Fresher's Week // College Chat

Friday, 3 October 2014

On the sixth of July, 2010, I graduated from Queen's University, Belfast with a Bachelors Degree in (Joint Honours) Drama and English. I spent three years studying for my degree. I left Grammar School with my A-Levels in June, went straight to university in September, commuted up and down to Belfast from home every day for lectures and seminars for three years and then went straight into a supermarket. Looking back, I know that my experience of university was not the greatest and I felt like a little fish lost in a very big pond and as a plethora of young minds, and mature minds alike, embark on their higher education journey, here is my experience and 2 cents.

Commuting vs. Accomodation.
As I said, I commuted to uni. I went to and from Belfast on the bus every day that I needed to at uni. My mornings were either very early to beat to the commuter traffic or a few hours later. But I didn't mind that. A lot of other students typically decide to enter halls (aka dorms) for the first year of university and then venture out into house sharing with friends. I didn't do that. I stayed at home. I didn't want to pressure my parents with the added cost of halls or burden myself with the added debt of halls. I wasn't educated enough on what was all included in it. My brother stayed at home during his

Because I commuted, I was acutely aware of my time restrictions. It is only now, four years after graduating, that I know how late the buses back home run to (having changed in the interim). At uni, as soon as my classes were done for the day and I wasn't meeting up with my best friend, I went home. When there was a project that I may have been interested in taking part in, I couldn't attend it because the meetings began far too late in the evening for me to attend because the bus left at this time and I need to walk the stretch to the bus station. It just didn't work and I was very limited to what I could do.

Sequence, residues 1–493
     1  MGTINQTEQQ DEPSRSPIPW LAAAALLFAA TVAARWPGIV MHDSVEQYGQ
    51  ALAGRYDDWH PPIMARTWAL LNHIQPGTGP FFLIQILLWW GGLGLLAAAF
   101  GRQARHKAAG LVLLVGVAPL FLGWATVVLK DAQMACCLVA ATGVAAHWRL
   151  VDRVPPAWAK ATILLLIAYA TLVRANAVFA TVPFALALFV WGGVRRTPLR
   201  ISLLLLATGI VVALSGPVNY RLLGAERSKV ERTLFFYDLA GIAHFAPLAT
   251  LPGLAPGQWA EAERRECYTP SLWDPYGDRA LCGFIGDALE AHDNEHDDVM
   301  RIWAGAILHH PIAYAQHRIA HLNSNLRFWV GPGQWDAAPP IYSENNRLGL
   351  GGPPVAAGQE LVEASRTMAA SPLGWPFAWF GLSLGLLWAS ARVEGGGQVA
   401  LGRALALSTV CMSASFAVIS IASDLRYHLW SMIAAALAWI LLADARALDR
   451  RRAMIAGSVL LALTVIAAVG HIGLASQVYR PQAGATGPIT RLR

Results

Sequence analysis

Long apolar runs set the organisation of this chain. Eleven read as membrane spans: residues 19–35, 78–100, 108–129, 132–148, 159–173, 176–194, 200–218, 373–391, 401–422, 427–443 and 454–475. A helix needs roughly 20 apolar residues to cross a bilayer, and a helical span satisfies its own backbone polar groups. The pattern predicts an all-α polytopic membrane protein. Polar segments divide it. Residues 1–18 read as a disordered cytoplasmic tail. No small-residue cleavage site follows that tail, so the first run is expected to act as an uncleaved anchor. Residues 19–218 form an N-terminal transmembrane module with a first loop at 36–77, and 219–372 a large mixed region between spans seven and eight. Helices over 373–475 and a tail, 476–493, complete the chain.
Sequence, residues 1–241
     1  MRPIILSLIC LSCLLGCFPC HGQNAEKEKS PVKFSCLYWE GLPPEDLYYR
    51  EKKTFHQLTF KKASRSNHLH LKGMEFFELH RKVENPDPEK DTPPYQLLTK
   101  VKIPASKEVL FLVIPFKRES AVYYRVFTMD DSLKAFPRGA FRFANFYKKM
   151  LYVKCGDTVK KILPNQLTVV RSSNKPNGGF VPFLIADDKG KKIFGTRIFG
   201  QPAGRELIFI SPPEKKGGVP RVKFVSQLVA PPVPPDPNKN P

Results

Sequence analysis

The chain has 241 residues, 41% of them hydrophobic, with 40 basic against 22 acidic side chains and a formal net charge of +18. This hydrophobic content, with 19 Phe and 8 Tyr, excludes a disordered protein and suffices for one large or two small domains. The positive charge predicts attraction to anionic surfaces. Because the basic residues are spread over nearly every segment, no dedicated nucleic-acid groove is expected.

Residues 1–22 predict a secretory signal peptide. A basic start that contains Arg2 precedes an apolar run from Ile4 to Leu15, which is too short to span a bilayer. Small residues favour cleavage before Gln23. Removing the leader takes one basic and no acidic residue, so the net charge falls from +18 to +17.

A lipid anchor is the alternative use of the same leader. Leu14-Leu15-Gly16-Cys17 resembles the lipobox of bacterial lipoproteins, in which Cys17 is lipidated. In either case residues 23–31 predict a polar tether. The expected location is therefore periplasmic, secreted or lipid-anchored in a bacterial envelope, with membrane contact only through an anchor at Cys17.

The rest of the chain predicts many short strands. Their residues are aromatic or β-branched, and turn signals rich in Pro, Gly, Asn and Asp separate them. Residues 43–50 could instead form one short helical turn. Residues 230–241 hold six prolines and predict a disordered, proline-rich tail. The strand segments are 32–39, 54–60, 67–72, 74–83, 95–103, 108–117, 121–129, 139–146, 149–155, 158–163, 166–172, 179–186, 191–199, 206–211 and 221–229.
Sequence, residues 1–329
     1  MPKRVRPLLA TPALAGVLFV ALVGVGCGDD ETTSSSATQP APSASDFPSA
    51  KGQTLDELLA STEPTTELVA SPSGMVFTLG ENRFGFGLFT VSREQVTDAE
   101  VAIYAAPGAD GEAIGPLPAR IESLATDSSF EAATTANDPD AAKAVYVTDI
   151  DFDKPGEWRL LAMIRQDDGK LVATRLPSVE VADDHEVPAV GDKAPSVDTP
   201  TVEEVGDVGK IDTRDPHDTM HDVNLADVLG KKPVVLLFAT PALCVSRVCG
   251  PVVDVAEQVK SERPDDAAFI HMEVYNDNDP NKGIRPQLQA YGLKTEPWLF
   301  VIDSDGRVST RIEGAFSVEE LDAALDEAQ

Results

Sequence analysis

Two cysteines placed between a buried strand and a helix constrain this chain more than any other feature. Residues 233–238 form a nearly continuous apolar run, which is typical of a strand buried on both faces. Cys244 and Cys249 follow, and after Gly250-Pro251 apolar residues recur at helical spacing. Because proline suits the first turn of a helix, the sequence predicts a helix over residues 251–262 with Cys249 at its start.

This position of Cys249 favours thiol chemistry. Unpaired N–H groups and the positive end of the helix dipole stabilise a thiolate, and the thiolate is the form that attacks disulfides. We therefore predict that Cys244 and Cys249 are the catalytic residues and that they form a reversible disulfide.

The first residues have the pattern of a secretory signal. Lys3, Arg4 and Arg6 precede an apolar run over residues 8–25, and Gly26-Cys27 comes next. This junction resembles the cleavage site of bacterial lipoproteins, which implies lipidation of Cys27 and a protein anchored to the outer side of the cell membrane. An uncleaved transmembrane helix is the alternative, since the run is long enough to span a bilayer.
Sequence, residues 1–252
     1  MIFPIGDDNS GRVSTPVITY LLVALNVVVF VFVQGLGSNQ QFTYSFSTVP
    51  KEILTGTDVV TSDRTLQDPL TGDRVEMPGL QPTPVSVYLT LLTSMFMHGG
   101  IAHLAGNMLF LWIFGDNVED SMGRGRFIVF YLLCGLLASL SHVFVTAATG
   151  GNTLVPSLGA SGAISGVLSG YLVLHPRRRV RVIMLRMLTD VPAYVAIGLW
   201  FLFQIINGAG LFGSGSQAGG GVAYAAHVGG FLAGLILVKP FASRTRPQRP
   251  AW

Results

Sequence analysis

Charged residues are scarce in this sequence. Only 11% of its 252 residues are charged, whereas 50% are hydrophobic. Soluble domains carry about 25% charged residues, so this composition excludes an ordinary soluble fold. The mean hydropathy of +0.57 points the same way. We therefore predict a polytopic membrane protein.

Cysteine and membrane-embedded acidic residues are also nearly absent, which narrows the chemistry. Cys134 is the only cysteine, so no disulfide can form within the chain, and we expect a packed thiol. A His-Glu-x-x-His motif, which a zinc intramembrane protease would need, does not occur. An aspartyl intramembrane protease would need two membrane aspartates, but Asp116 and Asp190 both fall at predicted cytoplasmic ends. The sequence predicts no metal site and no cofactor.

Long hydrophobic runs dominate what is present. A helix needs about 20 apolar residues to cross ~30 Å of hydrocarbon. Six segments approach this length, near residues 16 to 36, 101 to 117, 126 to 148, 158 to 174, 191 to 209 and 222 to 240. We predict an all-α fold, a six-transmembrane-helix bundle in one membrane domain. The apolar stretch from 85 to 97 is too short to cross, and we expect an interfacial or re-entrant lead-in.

Another reason why commuting worked for me was because I was painfully shy back then - I still am to a certain degree now. I used it as an excuse not to get involved in anything. A pathetic excuse, I know but it worked for me and my social awkwardness. If I had it to do over, I would have further entertained the idea of halls. 

Small Fish in a Big Pond of Alphabet Soup.
I had no idea what I wanted to do as a career/living when I entered university. Hell, I didn't even know what I wanted to do when I was filling out the abominable UCAS application form. All I knew was that I liked theatre and acting, I liked reading and I liked language and I liked media. That's why I chose the Joint Honours Degree of Drama and English. I did well at both subjects at Grammar School so why mess with a mixture that worked? 

I didn't have any drive or ambition. I figured that within the space of three years that something within either subject would inspire me to do something or pick a career path.

I don't do well when it comes to stepping out of my comfort zone - pretty strange thing to say when I'd jump onto a stage and perform at the drop of a hat. I'm not a brave person. I don't do different without my heart feeling like it was going to beat itself to dust. That's why I chose a university that was on my doorstep. That's why I chose subjects that I knew would fit me best. Because they were safe options. I couldn't possibly fail as spectacularly at home and with subjects I was good at than going somewhere else and taking a leap of faith. People I knew at Grammar School were going to England or Scotland or to the Republic of Ireland for their courses and doing degrees in Law, Medicine, Speech Therapy, Physiotherapy and *insert insane degree name here* - one was even prepping to take the SATs to study in America. How insane is that? I'm not saying that if you did the same that you aren't brave, far from it, because it takes a lot to go to university. But for me, looking back, I had interests that far surpassed Drama and English and Belfast.